What is being suggested by these experimenters? 1) minds can communicate with one another – either singularly or in groups (over distance) – without the need for physical proximity or physical interaction. 2) Despite these experimenters attempting to remain within the discipline of materially based science, there is an implication that ‘consciousness’ pre-exists the brain that produces (or ‘experiences’) it. This position would logically suggest that consciousness is an independent continuum that exists outside the brain (but ‘somewhere’ within time and space), with each human brain ‘connecting’ with this ‘stream’ of consciousness either in the womb or shortly after birth. A further extrapolation would suggest that at physical death – the individual brain ‘disconnects’ from this continuum but leaves an imprint of the individual’s life experiences as part of the ‘collective’ nature of this model.

The problem with this model is that it is a modern replication of the medieval theology of the Judeo-Christian tradition, with ‘spirit’ and ‘god’ simply replaced with ‘mind’ and ‘consciousness’. Of course, people such as Rupert Sheldrake (who has admitted to me that he is using the strictures of modern science to ‘prove’ Judeo-Christian theology to be ‘literally’ correct). pursue parapsychological research as a means to re-assert a peculiarly ‘theistic’ view of existence. This is not science, but an application of theology using certain (and therefore ‘skewed’) scientific methods designed to prove ‘material’ science wrong. In reality, the danger of this disembodied consciousness model is that it lets the Christian Church back into mainstream thinking (by the usurpation of science), and the re-assertion of a theology that in over a thousand years of dominating Western thought, never produced any technical or scientific advancement (not even an egg timer), that could have made life easier for ordinary people. The brain-mind nexus does not require theistic religion as a means to explain its evolutionary existence, or its functionality within human society or the world. After-all, even the Buddha – in his earliest teachings – specified the ‘material’ basis of the mind, and stated that the mind (and ‘consciousness’) cease to exist at the point of physical death (when the inherent link between brain-mind, consciousness, sense organ and sense object is permanently ‘broken’ for the individual concerned). There are other ways of viewing existence that does not require ‘falling back’ into Judeo-Christian theology.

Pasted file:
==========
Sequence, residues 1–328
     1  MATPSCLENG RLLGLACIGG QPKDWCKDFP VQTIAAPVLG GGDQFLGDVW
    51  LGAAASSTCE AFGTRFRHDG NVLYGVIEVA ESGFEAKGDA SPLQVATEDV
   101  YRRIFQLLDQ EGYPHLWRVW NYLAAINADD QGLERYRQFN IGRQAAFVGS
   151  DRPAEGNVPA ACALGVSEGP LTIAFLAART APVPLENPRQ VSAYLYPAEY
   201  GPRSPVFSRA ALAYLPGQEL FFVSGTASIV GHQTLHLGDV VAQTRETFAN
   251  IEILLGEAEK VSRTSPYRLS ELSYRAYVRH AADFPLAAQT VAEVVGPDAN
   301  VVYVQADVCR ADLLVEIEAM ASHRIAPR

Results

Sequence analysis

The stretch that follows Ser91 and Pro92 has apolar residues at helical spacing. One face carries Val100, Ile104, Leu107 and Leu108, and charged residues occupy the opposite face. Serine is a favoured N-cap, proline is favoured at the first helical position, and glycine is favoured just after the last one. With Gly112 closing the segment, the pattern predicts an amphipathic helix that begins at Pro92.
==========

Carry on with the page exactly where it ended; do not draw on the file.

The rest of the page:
To be clear, I am not making a value judgement about Judeo-Christian theology, but I am stating that such a theistic-based methodology is not a material science. However, the ideas contained within this theology still permeate Western existence, even influencing the minds of those who might otherwise state that they are ‘secular’ in their approach to psi research. Of course, modern, Western secularism grew-out of the Christian theological tradition, and so a long-lasting and ongoing affect is to be expected. This might explain experimenter bias, for example, where the outer garb of the ‘scientific method’ is used to express a deep-rooted theological influence – i.e. the ‘idealism’ that spirit creates matter. This idealism strives to replace the premise of material science – i.e. that a special arrangement of physical matter generates consciousness. Spirit does not create matter – matter generates spirit (or ‘consciousness’). This being the observable case, I would say that psi should proceed from a strictly material scientific basis, with no psi a priori assumptions sullying the reading (or generating) of results. This means that I do not ‘reject’ in principle the notion of psi, but that I do insist upon a material basis for its study. Judeo-Christian theology, regardless of its nobility and short-comings, should be completely eradicated from the scientific method, simply because both methods are unique to their own particular fields of expertise. Science will not prove the existence of god – and theology will not disprove the efficacy of material science. If minds communicate with one another (over distance), it is important to work-out the material basis through which this is happening. Such a discovery would be a monumental advance in human understanding, and have all kinds of profound influences on medicine, education and space travel, for instance. Such an understanding could be used to inoculate humanity against its destructive habits of ‘warfare’ and oppressive modes of social, cultural and political existence.